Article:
Memories of Chicago
I visited Chicago in 1992 when I was marketing manager for a small manufacturing company and was sent to investigate whether an annual convention and exhibition held there was conducive for growing our business.
I flew into Chicago O'Hare Airport about 11pm at night, collected a rental car and a map, then proceeded to drive through the rain into the heart of this vast, dark city. The company had a policy of only spending a maximum of $80 for a hotel per night, and after much difficulty the secretary had managed to find and book me a room. I located the street, I believe it was on Wabash Avenue in an area called the Loop, and felt that I was in a scene from a movie, the street lined with old brown brick high rise buildings with the pylons of an elevated train line running down the middle of the road. One of these brown brick buildings bore the name of my designated hotel.
It was now after midnight, but I went inside and was pleased to find there was still a night clerk on duty. I was dubious about the quality of my accommodation and asked to see the room before I checked in. "Certainly," he replied, "I'll show you our best room," and took me to a rackety elevator which shook as it ascended to the fourth floor. He opened the door and flicked on the lights and to my mind's eye I saw cockroaches scurrying away with the shadows across the linoleum floor. Linoleum. Just then the elevated train rumbled past the window and the building shuddered, and I told the tired clerk I would look elsewhere.
Back in my rental car I looked up the hotel where the conference was being held and found my way to the Fairmont. The hotel was a vast, glowing edifice, and I went in and showed the registration desk my conference attendance confirmation and asked if they had a room for the night. Fortunately they had vacancies but wanted $160 per night, a price which I knew would get me in trouble, so I insisted on the conference rate of $120 per night. They demurred, saying I hadn't booked. I told them I was aware of that, but I am attending the conference at their hotel and they offered delegates the price of $120 per night, and I would expect them to honour the offer. Eventually they complied and gave me a room which was slightly worn, but certainly much better than the roach hotel.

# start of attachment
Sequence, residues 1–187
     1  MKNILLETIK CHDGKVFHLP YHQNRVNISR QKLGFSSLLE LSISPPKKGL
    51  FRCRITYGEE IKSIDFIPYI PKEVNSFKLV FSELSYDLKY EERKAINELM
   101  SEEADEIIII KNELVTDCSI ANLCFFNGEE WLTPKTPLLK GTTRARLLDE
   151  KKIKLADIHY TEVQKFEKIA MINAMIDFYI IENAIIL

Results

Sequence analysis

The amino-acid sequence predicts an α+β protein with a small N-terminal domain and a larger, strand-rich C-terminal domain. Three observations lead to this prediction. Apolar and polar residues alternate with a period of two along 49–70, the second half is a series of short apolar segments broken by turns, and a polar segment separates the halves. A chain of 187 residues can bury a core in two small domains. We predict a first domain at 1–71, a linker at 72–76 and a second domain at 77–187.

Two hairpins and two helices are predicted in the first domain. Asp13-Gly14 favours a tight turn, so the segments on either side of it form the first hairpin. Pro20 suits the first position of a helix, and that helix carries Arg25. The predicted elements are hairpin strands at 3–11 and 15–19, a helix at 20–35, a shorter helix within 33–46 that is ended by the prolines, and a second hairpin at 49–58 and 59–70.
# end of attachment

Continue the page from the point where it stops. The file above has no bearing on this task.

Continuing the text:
The next morning I awoke and opened the curtains to find a dazzling view across the park to Lake Michigan, and was more than pleased with my decision to seek a change of hotels. I called my boss to tell him where I was staying and how they could reach me, my experience at the roach hotel and that I had negotiated an excellent price for a decent room. Mr Spjute was indignant. "I've stayed at the hotel we booked for you - its not that bad!" I told him I didn't feel safe there.
After a light breakfast, I decided to venture out and explore before going to the conference. Having heard of the high crime and dangers of Chicago streets, I removed all valuables - my watch, wallet, everything except my room key - and ventured out. There was a lot of traffic, but it seemed the streets were devoid of people. There were no crowds on the sidewalks as I expected, no packs of office workers waiting to cross intersections - in fact, there were virtually no pedestrians at all, except me. There were high rises and skyscrapers and traffic, but none of the hustle and bustle that I had anticipated.
Disappointed, I walked through the November cold back to the hotel and went to the conference and exhibition to see what I could see. After registering as an attendee I wandered the trade show floor, looked at items of interest and curiosity, picked up the odd piece of candy or trinket given away by exhibitors to take home as presents for my kids, then began to feel unusually claustrophobic. The air was hot and stuffy, the crowds were huge, and with a sense of growing unease I elbowed my way out and went back to my room.